Tuesday, June 30, 2009

Winter Soldiers needed for Arizona Summer heat - Budget

America has passed through several time periods that "have tried mens souls" and in Arizona we stand again at that precipice. In the past it has been both physical as well as ideological; now while it is still ideological it is also financial. We wait to see what the leaders will decide for Arizona and her people. Just like in centuries long past, the decisions that are made will determine not only how Arizona is shaped by also how her people will fare. This is when we will see if our trust in our leaders are well placed or if they will simply use their power to move ahead their agendas. As a parent sometimes I am faced with what I feel is best verses what is best for my family. At these times I defer to what is best for my family because I know not only is that my higher priority, but it is also the resposibility I have chosen.

What are we calling upon our leaders to do now? We want a responsible budget that will not sacrifice our future or make our children pay for our short-sightedness. If we have over spent now, we need to be pay it back now, not years later with interest. If our tax structure is weak, we need to re-write it so that it reflects reasonably across all income levels and commerce. We also need to keep our long-term responsibilities in mind. There are some costs that while they may not be technically our responsibility now, will greatly reduce if not eliminate costs to which we will be responsible for later.

In the United States we have a Republic and not a Democracy because it is unreasonable to think that each voting member has time to familiarize themselves with all the nuances of the government issues. That is what we have elected/hired you all to do for us. We trust that you will spend time learning how to make good government for us, not simply put the responsibility for that back on us with special elections that cost us more money.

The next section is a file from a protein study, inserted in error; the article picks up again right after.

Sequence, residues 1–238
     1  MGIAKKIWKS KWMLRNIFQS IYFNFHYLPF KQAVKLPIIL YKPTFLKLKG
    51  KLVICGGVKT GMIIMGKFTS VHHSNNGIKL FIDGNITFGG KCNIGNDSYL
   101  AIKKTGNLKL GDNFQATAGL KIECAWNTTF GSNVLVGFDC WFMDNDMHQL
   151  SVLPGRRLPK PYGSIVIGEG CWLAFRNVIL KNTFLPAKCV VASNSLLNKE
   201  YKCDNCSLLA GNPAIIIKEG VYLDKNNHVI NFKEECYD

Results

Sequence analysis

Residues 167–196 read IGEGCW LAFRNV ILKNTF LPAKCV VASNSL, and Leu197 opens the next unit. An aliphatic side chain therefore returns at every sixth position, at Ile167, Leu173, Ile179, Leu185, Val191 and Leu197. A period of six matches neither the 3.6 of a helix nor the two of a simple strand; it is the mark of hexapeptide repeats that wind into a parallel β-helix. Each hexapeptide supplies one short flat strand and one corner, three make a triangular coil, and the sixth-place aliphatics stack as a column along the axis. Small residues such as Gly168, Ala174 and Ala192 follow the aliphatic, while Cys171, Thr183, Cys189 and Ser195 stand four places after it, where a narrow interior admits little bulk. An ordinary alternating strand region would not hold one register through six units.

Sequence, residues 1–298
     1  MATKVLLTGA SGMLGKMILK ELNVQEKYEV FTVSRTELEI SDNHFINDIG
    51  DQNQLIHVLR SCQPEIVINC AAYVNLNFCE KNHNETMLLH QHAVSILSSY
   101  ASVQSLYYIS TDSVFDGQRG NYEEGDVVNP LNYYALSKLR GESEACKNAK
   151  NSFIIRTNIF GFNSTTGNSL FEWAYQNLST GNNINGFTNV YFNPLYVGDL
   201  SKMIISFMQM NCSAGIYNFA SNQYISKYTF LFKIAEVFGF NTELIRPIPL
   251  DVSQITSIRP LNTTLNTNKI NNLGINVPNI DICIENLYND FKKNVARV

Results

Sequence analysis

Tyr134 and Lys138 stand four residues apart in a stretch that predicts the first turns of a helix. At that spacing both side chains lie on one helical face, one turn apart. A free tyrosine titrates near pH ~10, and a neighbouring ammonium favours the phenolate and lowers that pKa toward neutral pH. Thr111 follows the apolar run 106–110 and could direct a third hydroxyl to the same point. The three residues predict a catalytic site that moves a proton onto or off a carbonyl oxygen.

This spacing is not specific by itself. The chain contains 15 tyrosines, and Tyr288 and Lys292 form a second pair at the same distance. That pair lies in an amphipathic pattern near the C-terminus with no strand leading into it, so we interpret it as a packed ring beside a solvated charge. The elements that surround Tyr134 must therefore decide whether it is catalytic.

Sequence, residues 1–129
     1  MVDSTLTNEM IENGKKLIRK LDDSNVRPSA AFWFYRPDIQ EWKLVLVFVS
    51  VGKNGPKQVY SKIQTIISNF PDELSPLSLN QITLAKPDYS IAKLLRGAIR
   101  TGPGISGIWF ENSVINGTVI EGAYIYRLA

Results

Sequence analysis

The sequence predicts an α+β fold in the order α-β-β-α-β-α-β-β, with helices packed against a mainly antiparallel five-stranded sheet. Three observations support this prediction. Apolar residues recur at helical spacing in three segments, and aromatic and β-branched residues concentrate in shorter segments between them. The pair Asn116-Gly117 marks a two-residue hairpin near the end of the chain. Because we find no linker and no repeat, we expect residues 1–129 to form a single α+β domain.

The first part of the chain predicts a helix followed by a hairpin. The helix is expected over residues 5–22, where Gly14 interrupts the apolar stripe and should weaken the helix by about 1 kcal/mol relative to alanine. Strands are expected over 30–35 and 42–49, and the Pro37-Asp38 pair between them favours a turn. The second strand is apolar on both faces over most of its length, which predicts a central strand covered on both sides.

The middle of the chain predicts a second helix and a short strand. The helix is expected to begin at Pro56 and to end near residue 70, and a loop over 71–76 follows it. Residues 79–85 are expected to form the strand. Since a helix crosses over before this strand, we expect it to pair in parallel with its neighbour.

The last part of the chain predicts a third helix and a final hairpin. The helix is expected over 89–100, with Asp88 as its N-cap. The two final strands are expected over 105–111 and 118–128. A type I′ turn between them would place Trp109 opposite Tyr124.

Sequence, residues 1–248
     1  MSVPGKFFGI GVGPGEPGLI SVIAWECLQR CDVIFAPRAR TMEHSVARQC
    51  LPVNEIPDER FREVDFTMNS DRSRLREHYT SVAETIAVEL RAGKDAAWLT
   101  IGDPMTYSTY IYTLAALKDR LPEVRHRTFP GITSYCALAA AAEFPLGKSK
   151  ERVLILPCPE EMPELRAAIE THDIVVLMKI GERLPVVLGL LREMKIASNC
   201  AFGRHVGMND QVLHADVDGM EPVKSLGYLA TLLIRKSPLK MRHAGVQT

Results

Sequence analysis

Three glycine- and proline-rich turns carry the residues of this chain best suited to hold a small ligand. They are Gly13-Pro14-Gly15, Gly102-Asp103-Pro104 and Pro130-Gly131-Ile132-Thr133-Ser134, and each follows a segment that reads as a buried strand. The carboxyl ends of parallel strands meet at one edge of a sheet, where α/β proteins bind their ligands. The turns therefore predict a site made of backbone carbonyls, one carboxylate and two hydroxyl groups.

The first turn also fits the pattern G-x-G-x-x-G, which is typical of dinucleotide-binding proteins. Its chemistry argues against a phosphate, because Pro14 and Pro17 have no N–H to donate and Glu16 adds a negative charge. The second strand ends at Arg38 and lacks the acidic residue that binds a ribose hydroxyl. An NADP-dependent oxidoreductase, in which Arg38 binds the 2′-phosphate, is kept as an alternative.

It is time for our leaders to decide whether they are going to step up and start doing what we elected them to do, or if they are going to continue on the path that they currently are on. If we need reasonable cuts to programs, that needs to happen because those programs have been evaluated as being wasteful, not to solve lack of funding issues. As a homeowner and head of household I need to make sure that my bills are paid, that expenses are met, and the needs for my family are paid for. It is time for Arizona and it's leaders to step up and pay for expenses in a responsible way.

We need leaders that our "winter soldiers". Ones that are willing to sacrifice more than they are asking us to, ones that are willing to do the job that we have entrusted them to do.

Kristina P.

Tuesday, June 16, 2009

Politics and The Law of Unintended Consequences

Politics are complicated. Our country is a large, very complex system of services, mandates, checks and balances, power struggles, perceptions, economics, etc. No matter what the election time commercials may say, there are not easy, 30 second soundbite answers to the country's problems. Just look at Obama's problems.

A couple of months ago, President Obama was pushing to help homeowners refinance their mortgages. This was supposed to help with the housing crunch. Well here it is a few months later and has it helped? As near as anybody can tell, there's been no effect. He gave boatloads of money to GM and Chrysler - around $60 billion I think (which is about $200 from every man, woman, and child in the USA) - to keep them from going bankrupt. Didn't work out so well. He got a stimulus bill passed in order to prevent unemployment from going over 8.4% - now it's at 9.4% and still rising. And that's just the beginning.